Data from the online survey research firm Civiqs, for example, found support for Black Lives Matter increased nearly as much in two weeks following Floyd’s death than it had in two years. A June 2020 Gallup poll found more Americans named racism as the most important problem facing the U.S. than any time since 1968.

While attitudes have changed since last summer — the percentage of American adults today who say Floyd’s death was murder has fallen from 60% to 36%, per a USA Today-Ipsos poll — the events around 2020’s Black Lives Matter protests have had a lasting impact. The poll found 37% said their thoughts about racial injustice have changed in the past year.

4. Governors aren’t as popular as they used to be

Governors were seen as some of the initial political heroes of the pandemic. Without Trump and the federal government taking a decisive early lead in the crisis, governors became some of the most visible elected officials in their states. The honeymoon is over, though.

Some of the governors celebrated early on for their pandemic response have seen their approval ratings tumble, like Democrats Gavin Newsom, of California, who now faces a recall effort, and Andrew Cuomo, of New York, who faces calls to resign from members of his own party.

It’s not just Newsom and Cuomo, though. A Gallup poll released Tuesday found that the percentage of Americans who believe their state’s governor communicated a clear plan of action in response to the virus has fallen from 56% in June 2020 to 42%.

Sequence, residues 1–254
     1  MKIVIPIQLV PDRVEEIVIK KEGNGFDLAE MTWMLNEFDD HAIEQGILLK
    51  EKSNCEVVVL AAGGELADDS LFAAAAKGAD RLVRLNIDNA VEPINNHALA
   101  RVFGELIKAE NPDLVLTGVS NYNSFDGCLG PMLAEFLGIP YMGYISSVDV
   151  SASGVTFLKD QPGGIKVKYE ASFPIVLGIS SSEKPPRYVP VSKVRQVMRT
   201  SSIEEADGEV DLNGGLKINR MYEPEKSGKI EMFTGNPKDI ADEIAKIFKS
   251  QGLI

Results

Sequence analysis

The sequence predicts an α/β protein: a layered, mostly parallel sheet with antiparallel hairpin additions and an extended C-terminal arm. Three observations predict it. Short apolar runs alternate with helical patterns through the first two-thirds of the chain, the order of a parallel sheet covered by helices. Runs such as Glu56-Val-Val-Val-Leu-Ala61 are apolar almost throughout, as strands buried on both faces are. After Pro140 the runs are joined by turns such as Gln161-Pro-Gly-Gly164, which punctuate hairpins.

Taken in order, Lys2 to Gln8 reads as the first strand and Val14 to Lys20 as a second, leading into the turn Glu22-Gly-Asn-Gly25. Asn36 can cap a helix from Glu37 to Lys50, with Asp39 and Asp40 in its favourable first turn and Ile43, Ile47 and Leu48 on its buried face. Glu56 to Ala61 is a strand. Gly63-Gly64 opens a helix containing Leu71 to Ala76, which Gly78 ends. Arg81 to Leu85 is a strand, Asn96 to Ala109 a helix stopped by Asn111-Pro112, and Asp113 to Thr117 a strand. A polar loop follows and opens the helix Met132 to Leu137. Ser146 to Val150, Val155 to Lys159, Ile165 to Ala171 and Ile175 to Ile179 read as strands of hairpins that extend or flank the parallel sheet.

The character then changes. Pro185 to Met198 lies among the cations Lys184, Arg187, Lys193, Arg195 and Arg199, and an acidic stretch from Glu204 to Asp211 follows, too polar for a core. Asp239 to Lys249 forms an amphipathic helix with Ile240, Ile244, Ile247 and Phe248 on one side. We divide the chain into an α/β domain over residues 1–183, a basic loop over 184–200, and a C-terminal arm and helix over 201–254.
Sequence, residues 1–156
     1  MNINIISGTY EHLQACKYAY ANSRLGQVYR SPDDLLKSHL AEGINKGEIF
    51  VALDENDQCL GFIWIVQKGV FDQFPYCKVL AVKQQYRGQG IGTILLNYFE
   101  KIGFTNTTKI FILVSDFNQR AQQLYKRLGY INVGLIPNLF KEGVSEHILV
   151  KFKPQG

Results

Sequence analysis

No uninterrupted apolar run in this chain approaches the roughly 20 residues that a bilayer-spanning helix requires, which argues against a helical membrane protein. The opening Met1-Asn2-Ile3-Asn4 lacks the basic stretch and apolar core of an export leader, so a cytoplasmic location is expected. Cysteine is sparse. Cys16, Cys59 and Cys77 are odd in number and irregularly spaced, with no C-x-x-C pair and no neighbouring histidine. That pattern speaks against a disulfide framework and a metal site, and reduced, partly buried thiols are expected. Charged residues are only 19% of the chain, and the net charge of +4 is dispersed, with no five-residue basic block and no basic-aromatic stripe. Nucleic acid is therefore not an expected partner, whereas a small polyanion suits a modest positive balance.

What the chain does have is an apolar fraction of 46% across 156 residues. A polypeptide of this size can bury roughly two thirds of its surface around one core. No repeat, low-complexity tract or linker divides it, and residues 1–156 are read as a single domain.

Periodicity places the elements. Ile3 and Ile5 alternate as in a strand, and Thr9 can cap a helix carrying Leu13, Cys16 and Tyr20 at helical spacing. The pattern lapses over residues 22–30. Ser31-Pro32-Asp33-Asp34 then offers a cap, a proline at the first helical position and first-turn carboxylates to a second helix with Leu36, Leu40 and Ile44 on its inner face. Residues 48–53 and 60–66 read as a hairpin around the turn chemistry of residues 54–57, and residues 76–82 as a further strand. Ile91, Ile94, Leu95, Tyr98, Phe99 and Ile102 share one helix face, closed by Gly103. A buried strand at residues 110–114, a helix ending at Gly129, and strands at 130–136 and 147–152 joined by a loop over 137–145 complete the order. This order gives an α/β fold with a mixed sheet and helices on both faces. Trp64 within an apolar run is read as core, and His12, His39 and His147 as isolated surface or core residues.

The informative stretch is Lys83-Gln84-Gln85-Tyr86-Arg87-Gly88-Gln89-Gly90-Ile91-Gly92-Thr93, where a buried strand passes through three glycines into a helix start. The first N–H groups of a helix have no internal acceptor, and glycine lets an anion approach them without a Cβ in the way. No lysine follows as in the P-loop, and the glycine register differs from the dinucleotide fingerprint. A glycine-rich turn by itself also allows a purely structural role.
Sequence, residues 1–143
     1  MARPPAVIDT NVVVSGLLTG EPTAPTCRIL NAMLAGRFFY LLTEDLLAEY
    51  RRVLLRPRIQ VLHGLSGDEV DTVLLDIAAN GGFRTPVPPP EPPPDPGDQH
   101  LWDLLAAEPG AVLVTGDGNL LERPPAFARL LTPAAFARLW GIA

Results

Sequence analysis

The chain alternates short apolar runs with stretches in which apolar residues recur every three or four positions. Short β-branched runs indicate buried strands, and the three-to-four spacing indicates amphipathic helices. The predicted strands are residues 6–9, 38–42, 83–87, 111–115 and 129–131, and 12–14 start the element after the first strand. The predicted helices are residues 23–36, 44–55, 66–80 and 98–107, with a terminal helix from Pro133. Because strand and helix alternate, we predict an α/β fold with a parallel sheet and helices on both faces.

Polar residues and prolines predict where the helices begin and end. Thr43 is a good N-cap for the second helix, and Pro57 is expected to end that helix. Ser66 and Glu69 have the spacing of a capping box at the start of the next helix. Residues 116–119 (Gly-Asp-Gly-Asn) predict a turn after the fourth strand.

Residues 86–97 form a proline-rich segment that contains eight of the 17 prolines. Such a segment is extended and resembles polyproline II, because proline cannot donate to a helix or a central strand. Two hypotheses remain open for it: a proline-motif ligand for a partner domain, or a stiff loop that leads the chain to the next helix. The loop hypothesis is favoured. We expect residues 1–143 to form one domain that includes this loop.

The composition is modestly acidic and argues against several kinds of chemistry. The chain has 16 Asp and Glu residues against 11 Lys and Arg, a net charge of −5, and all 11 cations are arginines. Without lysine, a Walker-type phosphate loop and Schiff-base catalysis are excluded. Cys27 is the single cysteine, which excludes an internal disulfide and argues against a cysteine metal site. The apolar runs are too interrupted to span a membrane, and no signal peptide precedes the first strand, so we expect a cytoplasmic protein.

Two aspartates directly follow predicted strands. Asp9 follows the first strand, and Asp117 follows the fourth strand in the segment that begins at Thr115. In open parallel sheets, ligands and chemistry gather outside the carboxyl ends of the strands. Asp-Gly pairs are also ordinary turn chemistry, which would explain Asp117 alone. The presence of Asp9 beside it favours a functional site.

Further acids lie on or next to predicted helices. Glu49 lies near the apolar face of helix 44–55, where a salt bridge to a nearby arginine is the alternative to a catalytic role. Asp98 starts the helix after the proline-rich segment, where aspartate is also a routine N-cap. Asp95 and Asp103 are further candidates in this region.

5. Major industries have been upended

Self-isolation has changed a lot of things that aren’t explicitly political but that could have long-term political consequences, said Rasmussen, including education and health care.

“I think the more that you have these changes in education, the more political leaders are going to start talking about how can we help moms who are taking a bigger role, how can we help parents who are taking a bigger role in education,” he said. “When you talk about telemedicine, everything about insurance, compensation and doctors changes.”

Even the shift to working from home could “change the discussion of labor laws and related issues,” he said.

6. Voting rights became a partisan issue

The pandemic led to widespread expansion of absentee and mail-in voting, with 37 states making changes to their voting procedures, according to Ballotpedia. These nontraditional voting methods have been on the rise in recent years, and Pew found that in 2020, absentee and mail-in ballots made up 46% of the vote.

But there has been backlash. Trump opposed nontraditional voting during the campaign, claiming without evidence that it would lead to voter fraud. And today, voting rights has become a partisan issue.

Last week, House Democrats passed the For the People Act, a voting rights bill, on a party-line vote, while Republicans in state legislatures are pushing voter restriction legislation. As of last month, there were 253 bills that would restrict voting access in 43 states, according to the Brennan Center.